Daniel: There are, according to the statements of Scripture, three kinds of souls; the first is the carnal, the second the natural, and p. 337 the third the spiritual: which we find are thus described by the Apostle. For of the carnal he says: “I gave you milk to drink, not meat: for you were not able as yet. But neither indeed are you now able; for you are yet carnal.” And again: “For whereas there is among you envying and contention, are you not carnal?” 1305 Concerning the natural he also speaks as follows: “But the natural man perceiveth not the things that are of the spirit of God; for it is foolishness to him.” But concerning the spiritual: “But the spiritual man judgeth all things: and he himself is judged by no man.” 1306 And again “You who are spiritual instruct such ones in the spirit of meekness.” 1307 And so, though at our renunciation we ceased to be carnal, i.e., we began to separate ourselves from intercourse with those in the world, and to have nothing to do with open pollution of the flesh, we must still be careful to strive with all our might to attain forthwith a spiritual condition, lest haply we flatter ourselves because we seem as far as the outer man is concerned to have renounced this world and got rid of the defilement of carnal fornication, as if by this we had reached the heights of perfection; and thence become careless and indifferent about purifying ourselves from other affections, and so being kept back between these two, become unable to reach the stage of spiritual advancement; either because we think that it is amply sufficient for our perfection if we seem to separate ourselves, as regards the outward man, from intercourse with this world and from its pleasure, or because we are free from corruption and carnal intercourse, and thus we find ourselves in that lukewarm condition which is considered the worst of all, and discover that we are spued out of the mouth of the Lord, in accordance with these words of His: “I would that thou wert hot or cold. But now thou art lukewarm and I will begin to spue thee out of My mouth.” 1308 And not without good reason does the Lord declare that those whom he has previously received in the bowels of His love, and who have become shamefully lukewarm, shall be spued out and rejected from His bosom: in as much as, though they might have yielded Him some health-giving subsistence, they preferred to be torn away from His heart: thus becoming far worse than those who had never found their way into the Lords mouth as food, just as we turn away with loathing from that which nausea compels us to bring up. For whatever is cold is warmed when received into the mouth and is received with satisfaction and good results. But whatever has been once rejected owing to its miserable luke-warmness, we cannot—I will not say touch with the lips—but even look on from a distance without the greatest disgust. Rightly then is he said to be worse, because the carnal man, i.e., the worldly man and the heathen, is more readily brought to saving conversion and to the heights of perfection than one who has been professed as a monk, but has not, as his rule directs, laid hold on the way of perfection, and so has once for all drawn back from that fire of spiritual fervour. For the former is at last broken down by the sins of the flesh, and acknowledges his uncleanness, and in his compunction hastens from carnal pollution to the fountain of true cleansing, and the heights of perfection, and in his horror at that cold state of infidelity in which he finds himself, he is kindled with the fire of the spirit and flies the more readily to perfection. For one who has, as we said, once started with a lukewarm beginning, and has begun to abuse the name of monk, and who has not laid hold on the way of this profession with the humility and fervour that he ought, when once he is infected by this miserable plague, and is as it were unstrung by it, can no longer of himself discern what is perfect nor learn from the admonitions of another. For he says in his heart that which the Lord tells us: “Because I am rich and wealthy and want nothing;” and so this which follows is at once applied to him: “But thou art wretched, and miserable, and poor, and blind, and naked:” 1309 and he is so far in a worse condition than a worldly man, because he has no idea that he is wretched or blind or naked or requires cleansing, or needs to be directed and taught by any one; and on this account he receives no sound advice as he does not realise that he is weighted with the name of monk, and is lowered in the judgment of all, whereas, though everybody believes him to be a saint and regards him as a servant of God, he must hereafter be subjected to a stricter judgment and punishment. Lastly, why should we any longer linger over those things which we have sufficiently discovered and proved by experience? We have often seen those who were cold and carnal, i.e., worldly men and heathen, attain spiritual warmth: but lukewarm and “natural” men never. And these too we read in the prophet are hated of the Lord, so that a charge is given to spiritual and learned men to desist from warning and teaching them, and not to sow the seed of the p. 338 life-giving word in ground that is barren and unfruitful and choked by noxious thorns; but that they should scorn this, and rather cultivate fallow ground, i.e., that they should transfer all their care and teaching, and their zeal in the life-giving word to pagans and worldly men: as we thus read: “Thus saith the Lord to the men of Judah and inhabitants of Jerusalem: break up your fallow ground, and sow not among thorns.” 1310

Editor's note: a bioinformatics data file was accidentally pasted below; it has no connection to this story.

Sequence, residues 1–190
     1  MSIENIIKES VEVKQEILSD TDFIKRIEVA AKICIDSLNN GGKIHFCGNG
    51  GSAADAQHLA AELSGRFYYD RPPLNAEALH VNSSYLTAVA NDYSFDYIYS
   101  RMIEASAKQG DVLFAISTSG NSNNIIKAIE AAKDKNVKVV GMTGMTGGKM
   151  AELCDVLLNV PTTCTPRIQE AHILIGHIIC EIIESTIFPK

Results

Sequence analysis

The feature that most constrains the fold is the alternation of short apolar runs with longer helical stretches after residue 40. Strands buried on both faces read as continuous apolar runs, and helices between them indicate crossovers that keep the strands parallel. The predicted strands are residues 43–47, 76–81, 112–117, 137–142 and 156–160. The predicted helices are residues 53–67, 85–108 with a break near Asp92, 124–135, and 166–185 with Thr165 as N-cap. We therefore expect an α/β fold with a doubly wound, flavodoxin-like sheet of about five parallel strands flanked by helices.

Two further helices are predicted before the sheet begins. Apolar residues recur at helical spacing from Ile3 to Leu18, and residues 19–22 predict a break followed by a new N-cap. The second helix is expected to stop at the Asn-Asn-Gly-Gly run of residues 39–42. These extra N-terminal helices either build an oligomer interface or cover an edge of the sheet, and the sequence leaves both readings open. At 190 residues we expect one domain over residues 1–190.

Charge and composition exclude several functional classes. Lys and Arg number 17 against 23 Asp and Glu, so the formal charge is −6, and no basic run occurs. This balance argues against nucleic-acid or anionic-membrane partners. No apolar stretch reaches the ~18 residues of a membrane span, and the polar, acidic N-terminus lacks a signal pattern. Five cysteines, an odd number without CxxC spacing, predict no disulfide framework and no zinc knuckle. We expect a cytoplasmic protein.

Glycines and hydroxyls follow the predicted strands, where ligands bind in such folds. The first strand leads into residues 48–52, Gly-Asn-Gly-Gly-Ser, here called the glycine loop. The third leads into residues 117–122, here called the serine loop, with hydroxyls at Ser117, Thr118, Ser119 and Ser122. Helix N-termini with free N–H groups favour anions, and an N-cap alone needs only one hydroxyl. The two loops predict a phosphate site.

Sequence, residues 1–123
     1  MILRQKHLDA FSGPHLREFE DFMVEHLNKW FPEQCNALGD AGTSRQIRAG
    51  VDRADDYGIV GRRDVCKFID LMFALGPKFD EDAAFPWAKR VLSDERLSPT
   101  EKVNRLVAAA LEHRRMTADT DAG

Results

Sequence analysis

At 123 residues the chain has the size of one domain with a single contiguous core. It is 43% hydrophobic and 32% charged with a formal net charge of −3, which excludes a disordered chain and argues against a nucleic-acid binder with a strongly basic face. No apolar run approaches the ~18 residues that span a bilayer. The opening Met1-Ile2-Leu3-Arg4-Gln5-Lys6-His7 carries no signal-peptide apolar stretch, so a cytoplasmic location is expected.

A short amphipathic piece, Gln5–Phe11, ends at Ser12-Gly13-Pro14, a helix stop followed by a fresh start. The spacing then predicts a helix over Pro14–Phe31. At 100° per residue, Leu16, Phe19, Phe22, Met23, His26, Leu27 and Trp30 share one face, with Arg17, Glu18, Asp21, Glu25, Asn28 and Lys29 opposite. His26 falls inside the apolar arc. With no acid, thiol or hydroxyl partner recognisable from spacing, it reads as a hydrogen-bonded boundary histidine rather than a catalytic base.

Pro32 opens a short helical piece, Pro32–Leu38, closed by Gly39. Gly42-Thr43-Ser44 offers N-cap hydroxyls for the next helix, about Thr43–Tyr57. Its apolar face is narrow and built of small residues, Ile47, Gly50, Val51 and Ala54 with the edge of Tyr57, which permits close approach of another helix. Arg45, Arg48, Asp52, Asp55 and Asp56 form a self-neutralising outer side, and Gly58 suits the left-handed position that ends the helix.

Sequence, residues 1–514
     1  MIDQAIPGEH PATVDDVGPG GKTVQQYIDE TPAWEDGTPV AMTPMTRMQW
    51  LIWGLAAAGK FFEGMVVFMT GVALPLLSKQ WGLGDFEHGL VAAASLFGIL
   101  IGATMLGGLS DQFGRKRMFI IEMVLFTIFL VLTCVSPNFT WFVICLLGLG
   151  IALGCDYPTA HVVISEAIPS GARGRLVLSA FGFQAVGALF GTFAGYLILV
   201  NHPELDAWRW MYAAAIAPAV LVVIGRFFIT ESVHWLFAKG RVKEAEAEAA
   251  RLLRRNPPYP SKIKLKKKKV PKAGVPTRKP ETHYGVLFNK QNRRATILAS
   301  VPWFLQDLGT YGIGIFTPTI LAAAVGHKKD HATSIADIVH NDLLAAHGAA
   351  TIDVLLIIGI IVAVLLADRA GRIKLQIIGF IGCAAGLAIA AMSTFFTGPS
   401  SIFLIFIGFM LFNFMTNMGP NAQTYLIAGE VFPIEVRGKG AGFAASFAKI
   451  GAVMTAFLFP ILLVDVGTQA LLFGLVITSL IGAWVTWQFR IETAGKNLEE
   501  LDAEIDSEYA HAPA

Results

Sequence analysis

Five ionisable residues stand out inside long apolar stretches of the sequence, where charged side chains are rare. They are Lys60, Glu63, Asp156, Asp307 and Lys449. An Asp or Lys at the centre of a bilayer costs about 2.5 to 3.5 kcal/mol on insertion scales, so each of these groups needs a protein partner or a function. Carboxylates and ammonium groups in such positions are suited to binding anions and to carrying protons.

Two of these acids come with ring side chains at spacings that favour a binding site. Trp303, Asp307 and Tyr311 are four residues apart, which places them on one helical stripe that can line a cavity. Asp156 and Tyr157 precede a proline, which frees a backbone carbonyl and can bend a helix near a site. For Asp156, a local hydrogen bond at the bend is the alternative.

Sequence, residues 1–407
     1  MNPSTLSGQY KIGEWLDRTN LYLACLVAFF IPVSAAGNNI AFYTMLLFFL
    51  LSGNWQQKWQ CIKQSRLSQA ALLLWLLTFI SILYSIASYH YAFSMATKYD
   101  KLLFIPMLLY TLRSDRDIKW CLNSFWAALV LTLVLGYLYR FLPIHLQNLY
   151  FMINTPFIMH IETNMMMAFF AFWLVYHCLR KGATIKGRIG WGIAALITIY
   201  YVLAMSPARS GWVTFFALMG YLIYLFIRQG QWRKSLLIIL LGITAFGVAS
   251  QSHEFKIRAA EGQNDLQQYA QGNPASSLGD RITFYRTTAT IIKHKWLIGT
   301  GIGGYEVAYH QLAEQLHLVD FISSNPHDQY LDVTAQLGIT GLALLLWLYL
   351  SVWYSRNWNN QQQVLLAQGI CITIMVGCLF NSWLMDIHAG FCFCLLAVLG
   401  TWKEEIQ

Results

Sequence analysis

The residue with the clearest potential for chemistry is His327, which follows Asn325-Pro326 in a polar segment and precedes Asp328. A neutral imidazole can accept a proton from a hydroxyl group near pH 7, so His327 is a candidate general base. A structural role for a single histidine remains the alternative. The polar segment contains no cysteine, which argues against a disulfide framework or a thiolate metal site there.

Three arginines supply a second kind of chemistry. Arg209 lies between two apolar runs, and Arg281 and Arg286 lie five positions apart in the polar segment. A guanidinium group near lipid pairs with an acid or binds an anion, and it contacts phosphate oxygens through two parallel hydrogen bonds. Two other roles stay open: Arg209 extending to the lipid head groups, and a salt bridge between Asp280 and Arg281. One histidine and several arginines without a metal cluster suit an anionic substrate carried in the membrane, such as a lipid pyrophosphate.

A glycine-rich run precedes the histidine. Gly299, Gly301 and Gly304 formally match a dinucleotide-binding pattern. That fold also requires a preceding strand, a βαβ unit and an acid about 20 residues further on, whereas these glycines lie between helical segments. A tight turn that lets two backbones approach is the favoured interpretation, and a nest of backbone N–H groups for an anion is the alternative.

1 Cor. 3:2, 3.337:1306
1 Cor. 2:14, 15.337:1307
Gal. vi. 1.337:1308
Rev. 3:15, 16.337:1309
Rev. iii. 17.338:1310
Jerem. iv. 3.
Next: Chapter XX. Of those who renounce the world but ill.